Portugal, Gibraltar and Israel are among 12 countries that have been put on the UK's green list for travel.
Grant Shapps, the secretary of state for transport, held a press conference on the latest rules around international travel to and from the UK on Friday evening.
Popular summer destinations including France and Spain are not yet included on the list, but considered 'amber' destinations. The transport secretary said the list would be reviewed every three weeks.
The new travel rules will come into effect from May 17.
The list also consists of Australia, New Zealand, Singapore, Brunei, Iceland and the Faroe Islands and the Falklands.
This is in addition to the remote territories of the Falklands, South Georgia and the South Sandwich Islands, Saint Helena, Ascension Island and Tristan da Cunha.
Mr Shapps the country needed to be "necessarily cautious" and the list must be limited as the country took "tentative steps towards unlocking international travel".
The countries on the green list can be visited from May 17 and travellers will not have to self isolate on their return.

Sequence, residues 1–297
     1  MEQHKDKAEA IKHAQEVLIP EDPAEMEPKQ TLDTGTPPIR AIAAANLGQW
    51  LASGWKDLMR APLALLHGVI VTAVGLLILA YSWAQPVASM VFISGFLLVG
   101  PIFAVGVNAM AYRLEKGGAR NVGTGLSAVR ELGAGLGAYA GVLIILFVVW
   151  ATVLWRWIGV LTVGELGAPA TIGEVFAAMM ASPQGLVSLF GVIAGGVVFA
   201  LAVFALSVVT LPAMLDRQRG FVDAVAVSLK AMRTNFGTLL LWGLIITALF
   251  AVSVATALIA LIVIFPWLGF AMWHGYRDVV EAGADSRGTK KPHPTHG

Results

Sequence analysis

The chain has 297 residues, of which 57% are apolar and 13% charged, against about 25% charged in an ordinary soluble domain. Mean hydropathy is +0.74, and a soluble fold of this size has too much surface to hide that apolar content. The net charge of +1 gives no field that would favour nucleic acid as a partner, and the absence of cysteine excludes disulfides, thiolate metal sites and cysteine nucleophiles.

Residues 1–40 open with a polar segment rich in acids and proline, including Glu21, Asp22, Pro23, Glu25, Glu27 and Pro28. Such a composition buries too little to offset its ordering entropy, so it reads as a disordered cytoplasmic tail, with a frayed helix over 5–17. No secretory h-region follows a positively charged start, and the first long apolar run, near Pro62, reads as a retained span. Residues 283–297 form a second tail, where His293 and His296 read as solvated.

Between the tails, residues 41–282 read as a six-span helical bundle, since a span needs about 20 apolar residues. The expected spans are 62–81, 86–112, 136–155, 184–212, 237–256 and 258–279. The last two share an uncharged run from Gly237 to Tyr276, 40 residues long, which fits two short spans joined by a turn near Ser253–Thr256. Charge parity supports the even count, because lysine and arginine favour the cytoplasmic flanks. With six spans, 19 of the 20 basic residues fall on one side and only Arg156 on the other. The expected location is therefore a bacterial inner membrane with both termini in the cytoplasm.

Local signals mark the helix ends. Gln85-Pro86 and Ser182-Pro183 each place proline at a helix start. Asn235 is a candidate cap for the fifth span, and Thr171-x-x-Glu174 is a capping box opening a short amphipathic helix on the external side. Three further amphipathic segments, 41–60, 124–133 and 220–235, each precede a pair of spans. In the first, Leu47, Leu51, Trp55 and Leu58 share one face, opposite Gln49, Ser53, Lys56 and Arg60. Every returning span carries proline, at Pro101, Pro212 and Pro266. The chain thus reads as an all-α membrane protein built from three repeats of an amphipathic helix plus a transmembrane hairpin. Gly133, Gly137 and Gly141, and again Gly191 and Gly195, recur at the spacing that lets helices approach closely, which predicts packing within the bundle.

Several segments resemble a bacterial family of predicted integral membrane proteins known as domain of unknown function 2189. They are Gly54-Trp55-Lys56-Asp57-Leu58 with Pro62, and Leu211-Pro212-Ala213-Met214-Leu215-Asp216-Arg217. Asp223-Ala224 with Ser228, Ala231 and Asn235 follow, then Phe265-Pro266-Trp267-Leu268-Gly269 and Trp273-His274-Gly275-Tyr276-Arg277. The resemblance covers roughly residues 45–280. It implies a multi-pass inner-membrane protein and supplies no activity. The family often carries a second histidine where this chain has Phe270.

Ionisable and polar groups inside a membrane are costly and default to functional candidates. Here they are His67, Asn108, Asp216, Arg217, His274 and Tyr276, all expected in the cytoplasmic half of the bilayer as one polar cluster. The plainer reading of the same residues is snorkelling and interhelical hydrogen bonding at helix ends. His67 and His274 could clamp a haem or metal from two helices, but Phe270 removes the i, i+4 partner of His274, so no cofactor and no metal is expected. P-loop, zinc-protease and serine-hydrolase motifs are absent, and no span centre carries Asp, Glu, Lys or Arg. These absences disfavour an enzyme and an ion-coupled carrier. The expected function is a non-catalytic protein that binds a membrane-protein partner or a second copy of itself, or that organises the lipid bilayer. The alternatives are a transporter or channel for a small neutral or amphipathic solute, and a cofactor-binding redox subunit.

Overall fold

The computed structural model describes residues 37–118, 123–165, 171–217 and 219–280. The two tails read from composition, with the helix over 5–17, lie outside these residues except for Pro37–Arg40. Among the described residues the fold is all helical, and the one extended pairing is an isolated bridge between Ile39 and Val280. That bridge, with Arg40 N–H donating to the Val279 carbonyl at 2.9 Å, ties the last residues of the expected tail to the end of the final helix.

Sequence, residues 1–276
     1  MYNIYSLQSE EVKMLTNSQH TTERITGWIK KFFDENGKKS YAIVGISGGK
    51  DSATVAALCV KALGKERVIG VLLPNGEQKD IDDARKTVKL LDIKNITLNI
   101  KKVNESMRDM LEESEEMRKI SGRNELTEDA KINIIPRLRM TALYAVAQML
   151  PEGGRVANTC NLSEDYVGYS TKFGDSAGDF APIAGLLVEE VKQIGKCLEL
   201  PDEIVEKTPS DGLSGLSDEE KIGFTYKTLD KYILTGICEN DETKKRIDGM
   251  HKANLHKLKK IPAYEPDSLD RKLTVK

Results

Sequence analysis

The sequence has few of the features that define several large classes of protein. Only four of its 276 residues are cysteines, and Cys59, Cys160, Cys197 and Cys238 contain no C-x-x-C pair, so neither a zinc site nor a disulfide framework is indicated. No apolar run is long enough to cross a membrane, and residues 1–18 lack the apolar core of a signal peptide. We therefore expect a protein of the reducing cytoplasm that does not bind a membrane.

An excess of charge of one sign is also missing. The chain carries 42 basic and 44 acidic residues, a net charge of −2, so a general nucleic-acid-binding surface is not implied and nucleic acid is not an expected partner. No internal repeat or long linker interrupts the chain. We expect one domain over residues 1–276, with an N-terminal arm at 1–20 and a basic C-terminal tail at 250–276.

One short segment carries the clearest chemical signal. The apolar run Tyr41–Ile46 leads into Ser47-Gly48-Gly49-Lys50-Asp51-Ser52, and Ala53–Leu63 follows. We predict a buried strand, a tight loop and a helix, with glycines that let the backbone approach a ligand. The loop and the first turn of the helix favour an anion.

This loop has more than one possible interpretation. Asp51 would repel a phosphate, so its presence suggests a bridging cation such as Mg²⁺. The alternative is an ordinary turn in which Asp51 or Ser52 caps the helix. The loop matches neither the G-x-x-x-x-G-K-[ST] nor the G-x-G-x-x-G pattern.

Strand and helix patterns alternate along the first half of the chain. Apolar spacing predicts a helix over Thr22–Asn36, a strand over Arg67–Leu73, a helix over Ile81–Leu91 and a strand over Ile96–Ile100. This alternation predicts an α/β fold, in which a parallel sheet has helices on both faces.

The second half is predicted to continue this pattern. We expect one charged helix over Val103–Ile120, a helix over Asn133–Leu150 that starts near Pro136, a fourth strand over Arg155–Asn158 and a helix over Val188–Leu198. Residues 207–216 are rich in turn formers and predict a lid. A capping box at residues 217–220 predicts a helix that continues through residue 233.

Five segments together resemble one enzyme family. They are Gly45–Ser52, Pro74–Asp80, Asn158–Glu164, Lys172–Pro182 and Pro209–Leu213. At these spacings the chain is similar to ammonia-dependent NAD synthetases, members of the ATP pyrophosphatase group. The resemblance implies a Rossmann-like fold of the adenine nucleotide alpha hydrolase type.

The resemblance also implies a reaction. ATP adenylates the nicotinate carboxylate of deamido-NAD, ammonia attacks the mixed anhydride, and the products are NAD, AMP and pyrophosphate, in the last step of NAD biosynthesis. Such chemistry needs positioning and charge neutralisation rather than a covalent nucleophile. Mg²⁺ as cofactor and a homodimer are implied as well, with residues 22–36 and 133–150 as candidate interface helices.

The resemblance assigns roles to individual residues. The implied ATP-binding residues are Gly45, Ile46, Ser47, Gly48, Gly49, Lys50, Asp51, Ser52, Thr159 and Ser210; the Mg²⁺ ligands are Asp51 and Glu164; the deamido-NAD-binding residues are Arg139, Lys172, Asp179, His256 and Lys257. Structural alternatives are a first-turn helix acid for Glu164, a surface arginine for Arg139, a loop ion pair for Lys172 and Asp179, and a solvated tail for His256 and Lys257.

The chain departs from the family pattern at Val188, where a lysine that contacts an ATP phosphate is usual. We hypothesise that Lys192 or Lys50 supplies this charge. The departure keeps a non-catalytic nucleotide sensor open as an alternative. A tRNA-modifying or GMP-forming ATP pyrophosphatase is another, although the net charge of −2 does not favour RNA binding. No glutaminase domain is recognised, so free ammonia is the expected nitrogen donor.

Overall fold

Mr Shapps also announced that Turkey, the Maldives and Nepal have been added to the red list, and fans were advised not to travel for the UEFA Champions League final.
This means those returning from those countries after 4am on Wednesday will be required to stay in a quarantine hotel for 11 nights at a cost of £1,750 for solo travellers.
The DfT also announced that from May 17, people who have had both doses of a coronavirus vaccine will be able to use the NHS app to demonstrate their status.
People who do not have the app will be able to request an NHS letter from that date.
Border Force director general Paul Lincoln warned that wait times to enter the UK could take up to 15 times longer than usual.
He said: "There will continue to be additional health checks for every person crossing our border and inevitably that means it will take longer for most people to enter the UK.
"These measures have been put in place to protect the hard-fought gains and sacrifices that have been made by individuals and society in the UK, minimising the risk of importing variants while protecting the success of our vaccine rollout."
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